If it does not work, psychiatrists, psychologists and mental health experts will be brought in. If the alienating parent continues to perpetuate the abuse, however, contact with their child will be limited to supervised visits.

In extreme cases, care proceedings will be initiated and the parent will lose contact with their child. “Our priority, however, is to preserve the relationship with both parents,” Parsons said.

Jerry Karlin, the chair and managing trustee of Families Need Fathers, said Cafcass’s new approach was “very welcome news”.

“The demonising of a parent has long been recognised as damaging the child not only at the time of separation, but reaching into his or her adult life,” he said. “Parental alienation is identified as the single biggest issue among those who come to FNF seeking help.”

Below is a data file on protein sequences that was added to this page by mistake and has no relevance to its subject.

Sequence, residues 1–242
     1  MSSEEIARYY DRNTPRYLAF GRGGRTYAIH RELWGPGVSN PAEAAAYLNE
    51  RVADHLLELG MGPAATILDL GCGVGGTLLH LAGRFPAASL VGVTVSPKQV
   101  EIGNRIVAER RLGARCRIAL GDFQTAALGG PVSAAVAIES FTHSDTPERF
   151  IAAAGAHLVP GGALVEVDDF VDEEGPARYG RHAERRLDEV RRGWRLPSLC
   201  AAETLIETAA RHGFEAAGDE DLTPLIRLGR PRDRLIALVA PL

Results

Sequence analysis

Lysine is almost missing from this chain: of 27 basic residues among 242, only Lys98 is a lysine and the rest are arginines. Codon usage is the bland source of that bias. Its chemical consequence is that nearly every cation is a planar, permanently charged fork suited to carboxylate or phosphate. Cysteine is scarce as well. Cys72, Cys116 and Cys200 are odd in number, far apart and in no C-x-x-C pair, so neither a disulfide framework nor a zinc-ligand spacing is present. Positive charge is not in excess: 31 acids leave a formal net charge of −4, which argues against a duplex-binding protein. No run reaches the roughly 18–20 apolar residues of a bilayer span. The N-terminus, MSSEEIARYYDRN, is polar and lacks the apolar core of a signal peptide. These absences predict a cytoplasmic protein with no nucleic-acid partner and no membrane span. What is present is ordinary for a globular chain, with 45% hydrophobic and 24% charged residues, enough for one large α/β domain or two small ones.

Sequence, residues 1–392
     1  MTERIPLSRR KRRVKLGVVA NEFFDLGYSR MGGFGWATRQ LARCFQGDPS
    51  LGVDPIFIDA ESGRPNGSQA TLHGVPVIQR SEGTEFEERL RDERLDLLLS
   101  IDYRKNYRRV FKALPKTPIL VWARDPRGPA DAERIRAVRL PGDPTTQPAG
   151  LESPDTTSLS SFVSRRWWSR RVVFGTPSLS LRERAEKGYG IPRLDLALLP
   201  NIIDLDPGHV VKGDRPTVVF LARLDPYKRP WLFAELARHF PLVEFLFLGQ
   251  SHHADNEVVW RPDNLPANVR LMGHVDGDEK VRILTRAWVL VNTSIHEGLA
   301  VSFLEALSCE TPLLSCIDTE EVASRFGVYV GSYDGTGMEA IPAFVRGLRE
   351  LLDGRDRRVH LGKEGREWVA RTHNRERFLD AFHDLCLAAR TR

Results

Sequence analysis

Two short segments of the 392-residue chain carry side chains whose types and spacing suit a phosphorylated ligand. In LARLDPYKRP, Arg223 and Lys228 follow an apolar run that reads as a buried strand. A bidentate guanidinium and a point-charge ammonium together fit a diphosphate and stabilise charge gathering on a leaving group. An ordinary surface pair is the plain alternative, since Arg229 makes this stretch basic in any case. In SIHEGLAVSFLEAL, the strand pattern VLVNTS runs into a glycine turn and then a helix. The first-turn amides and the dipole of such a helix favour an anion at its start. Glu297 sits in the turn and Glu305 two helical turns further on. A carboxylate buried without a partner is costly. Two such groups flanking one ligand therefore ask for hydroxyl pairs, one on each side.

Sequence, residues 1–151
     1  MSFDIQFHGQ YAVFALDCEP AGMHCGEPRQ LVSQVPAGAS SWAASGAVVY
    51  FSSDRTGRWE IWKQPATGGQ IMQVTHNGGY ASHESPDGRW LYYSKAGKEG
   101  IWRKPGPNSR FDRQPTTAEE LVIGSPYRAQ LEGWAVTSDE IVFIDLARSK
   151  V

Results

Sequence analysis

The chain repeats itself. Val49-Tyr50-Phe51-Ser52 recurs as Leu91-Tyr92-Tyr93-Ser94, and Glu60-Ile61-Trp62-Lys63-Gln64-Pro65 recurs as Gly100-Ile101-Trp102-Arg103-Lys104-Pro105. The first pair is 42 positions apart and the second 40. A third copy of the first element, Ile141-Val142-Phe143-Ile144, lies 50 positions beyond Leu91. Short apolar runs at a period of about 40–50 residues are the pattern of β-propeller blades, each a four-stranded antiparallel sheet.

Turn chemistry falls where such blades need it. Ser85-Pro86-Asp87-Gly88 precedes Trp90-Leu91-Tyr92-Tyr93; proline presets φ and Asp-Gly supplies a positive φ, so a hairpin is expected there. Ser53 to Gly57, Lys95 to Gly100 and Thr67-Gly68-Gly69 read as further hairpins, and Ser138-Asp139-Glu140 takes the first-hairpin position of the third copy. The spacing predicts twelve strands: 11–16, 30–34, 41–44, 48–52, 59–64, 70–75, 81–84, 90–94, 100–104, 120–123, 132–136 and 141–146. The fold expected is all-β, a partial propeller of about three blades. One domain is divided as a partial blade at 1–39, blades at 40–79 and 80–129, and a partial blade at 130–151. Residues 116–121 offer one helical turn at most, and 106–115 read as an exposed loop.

Case study – Robert (not his real name)

“I’ve lived through and witnessed the inexorable alienation of my older daughter over the past five years, which has culminated in complete loss of contact. I will not have seen or heard from her for three years this coming January. We had a fantastic, loving relationship for the first 12 years of her life.

“I know from what my younger daughter has told me that in numerous insidious and not so insidious ways, my ex-wife put an intolerable amount of stress on my eldest daughter. It eventually became too emotionally traumatic for her to see me. She eventually sent me a short email, saying she wanted to break off all contact with me. I’ve not heard from her since.